NSW Business Chamber chief executive, Stephen Cartwright, has claimed that the NSW education system isn’t doing enough to prepare students for the workplace – but there are ways to improve the situation.
The latest NSW Business Chamber report showed that NSW secondary schools favour traditional academic subjects that emphasise students’ entry to university rather than helping them “transition from school to the workforce”.
"A key problem in NSW is that it is still governed by ‘education logic' and a focus on university pathways, rather than the 'employment logic' found in countries such as Germany and Denmark,” Cartwright said.
“Employment logic emphasises apprenticeships and helping students transition from school to the workforce.
"We need to take a serious look at existing school culture which privileges traditional academic subjects, and find a better way to cater for the more than 60% of school leavers who choose not to attend university immediately after school."
The report also revealed a link between “effective vocational training” and low youth unemployment, urging schools to prioritise VET, by allocating more staff and physical resources, as well as improving careers advice and guidance.
"It is no accident that countries like Germany and Austria have effective vocational education and training (VET) systems and low youth unemployment," stated the report.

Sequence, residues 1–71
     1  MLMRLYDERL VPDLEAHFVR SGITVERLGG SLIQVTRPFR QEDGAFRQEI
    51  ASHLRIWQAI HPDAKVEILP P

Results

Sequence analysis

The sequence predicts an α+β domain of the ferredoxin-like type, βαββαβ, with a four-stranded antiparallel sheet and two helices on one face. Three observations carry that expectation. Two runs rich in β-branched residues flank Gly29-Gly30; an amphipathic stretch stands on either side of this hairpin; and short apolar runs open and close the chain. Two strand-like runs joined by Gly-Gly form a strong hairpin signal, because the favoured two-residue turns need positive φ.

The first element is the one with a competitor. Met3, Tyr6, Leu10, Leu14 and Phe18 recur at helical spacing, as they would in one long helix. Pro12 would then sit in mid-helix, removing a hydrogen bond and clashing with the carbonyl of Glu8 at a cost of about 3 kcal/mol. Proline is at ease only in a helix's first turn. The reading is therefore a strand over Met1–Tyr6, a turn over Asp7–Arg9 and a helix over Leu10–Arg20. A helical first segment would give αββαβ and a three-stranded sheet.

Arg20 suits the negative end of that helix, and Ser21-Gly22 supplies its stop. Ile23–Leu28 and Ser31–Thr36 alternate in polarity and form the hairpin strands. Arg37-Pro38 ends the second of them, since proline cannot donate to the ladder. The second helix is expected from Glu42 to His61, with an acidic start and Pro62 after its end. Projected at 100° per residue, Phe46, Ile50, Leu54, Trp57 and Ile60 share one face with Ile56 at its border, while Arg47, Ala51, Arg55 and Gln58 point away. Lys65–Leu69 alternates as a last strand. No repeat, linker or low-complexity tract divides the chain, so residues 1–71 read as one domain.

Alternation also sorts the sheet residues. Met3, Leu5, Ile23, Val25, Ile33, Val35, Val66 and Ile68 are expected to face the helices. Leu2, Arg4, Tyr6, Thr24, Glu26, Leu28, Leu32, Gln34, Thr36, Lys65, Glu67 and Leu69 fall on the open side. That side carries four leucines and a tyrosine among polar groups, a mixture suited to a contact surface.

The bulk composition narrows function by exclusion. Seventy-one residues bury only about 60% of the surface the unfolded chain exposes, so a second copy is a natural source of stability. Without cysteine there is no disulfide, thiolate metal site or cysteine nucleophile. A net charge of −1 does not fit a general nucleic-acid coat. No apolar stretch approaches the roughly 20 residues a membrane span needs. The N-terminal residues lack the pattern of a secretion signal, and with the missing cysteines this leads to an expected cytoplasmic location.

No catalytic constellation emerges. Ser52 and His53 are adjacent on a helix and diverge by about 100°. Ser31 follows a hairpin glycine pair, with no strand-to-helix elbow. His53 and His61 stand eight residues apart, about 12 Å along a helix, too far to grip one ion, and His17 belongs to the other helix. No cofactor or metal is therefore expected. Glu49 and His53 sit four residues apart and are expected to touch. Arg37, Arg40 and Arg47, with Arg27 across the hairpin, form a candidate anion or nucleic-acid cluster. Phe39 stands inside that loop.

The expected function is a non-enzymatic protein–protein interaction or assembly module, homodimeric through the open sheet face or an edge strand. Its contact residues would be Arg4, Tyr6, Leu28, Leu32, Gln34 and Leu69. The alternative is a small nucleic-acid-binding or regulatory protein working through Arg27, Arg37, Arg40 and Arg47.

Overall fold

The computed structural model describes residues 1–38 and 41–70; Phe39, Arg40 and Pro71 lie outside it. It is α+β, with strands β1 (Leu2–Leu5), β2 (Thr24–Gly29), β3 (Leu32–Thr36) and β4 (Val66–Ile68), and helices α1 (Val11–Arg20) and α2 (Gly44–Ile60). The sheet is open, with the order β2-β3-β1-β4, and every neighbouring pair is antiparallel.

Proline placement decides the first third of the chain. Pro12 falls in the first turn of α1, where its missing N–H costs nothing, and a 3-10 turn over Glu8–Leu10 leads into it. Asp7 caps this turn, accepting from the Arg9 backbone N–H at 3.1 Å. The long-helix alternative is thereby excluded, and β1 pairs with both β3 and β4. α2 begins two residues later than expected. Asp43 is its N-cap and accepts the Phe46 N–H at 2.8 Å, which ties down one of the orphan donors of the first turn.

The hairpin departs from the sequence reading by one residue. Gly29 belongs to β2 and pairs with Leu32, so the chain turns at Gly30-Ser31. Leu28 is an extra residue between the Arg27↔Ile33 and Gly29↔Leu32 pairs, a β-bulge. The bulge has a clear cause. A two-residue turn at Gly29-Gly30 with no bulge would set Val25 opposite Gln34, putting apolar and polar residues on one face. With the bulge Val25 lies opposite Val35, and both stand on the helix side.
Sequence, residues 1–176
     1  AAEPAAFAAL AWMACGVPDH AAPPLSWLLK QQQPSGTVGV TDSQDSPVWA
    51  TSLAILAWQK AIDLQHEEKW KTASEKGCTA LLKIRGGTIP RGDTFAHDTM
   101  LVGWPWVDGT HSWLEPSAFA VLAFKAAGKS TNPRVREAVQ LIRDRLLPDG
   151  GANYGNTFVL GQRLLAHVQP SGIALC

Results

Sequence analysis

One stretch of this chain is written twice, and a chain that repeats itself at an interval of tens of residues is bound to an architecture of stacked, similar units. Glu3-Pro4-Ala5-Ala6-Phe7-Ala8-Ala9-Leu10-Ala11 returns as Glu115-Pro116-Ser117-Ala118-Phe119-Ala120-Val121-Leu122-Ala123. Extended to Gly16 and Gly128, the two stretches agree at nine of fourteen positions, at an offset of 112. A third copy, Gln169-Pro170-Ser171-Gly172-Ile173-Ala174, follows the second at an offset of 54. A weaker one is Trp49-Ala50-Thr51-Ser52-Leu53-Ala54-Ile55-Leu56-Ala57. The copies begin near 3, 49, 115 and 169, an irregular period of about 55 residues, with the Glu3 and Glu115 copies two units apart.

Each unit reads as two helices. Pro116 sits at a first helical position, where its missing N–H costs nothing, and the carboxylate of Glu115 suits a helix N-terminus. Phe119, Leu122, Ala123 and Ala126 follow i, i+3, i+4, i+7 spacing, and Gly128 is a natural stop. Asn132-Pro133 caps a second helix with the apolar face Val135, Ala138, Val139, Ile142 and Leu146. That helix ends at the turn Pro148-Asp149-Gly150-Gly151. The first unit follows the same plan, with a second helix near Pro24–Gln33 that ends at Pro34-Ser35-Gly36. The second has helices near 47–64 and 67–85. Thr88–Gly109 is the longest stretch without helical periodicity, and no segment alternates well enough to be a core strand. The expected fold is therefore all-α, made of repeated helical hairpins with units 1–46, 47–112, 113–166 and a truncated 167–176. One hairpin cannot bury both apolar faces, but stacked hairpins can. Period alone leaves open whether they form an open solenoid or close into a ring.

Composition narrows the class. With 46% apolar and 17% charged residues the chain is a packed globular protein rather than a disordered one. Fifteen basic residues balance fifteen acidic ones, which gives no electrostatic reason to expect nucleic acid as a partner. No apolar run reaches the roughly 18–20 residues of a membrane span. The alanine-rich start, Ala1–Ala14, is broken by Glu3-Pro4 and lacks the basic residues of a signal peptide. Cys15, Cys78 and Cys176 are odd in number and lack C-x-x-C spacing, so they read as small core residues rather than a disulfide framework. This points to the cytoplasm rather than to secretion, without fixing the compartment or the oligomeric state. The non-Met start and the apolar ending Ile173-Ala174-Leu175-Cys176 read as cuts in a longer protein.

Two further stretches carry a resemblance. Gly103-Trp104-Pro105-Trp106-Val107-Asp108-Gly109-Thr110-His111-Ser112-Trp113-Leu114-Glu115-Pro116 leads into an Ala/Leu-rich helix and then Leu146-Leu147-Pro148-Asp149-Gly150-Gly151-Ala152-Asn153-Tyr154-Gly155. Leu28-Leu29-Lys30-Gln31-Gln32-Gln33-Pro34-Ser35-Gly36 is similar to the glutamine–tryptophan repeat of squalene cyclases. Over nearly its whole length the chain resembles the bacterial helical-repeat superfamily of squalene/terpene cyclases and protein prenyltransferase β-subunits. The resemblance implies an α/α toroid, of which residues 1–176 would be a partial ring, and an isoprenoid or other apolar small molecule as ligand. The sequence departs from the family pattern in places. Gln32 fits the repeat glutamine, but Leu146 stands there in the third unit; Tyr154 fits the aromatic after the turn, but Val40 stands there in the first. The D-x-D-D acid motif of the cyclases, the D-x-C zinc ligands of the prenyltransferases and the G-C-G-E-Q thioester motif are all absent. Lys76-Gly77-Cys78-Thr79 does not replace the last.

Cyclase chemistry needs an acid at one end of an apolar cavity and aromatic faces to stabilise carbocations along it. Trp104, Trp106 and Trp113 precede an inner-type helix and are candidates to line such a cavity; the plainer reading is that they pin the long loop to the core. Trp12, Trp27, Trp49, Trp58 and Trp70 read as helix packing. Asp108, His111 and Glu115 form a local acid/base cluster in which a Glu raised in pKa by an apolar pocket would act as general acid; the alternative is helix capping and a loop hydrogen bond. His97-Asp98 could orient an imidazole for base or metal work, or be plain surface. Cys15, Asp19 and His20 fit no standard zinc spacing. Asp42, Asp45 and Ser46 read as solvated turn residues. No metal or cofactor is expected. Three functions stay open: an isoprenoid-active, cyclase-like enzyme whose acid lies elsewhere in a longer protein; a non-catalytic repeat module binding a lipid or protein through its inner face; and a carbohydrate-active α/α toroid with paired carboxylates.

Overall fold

"In these countries, there is a strong co-operative effort by government, employers and educators to design and deliver the kind of education and training which provides mutual benefits to industry and young people. The market will not do this on its own."
Best practice initiatives to prepare students for work can also be found closer to home. A new pilot program, called Venture Dorm, will be rolled out in April to teachers in SA schools to help them inspire the entrepreneurial spirit of their students.
"Children by nature are curious and innovative,” said Leanna Read, Chief Scientist for South Australia
"If we apply an entrepreneurial culture into the school curriculum, particularly in maths and science, we can help students unleash their creativity and develop the jobs and industries of the future."
Read added that through inspiring an “entrepreneurial mindset” in students, teachers would help them develop the skills they need when they join the workforce.
HAVE YOUR SAY: What do you think schools could be doing to prepare students for the workforce?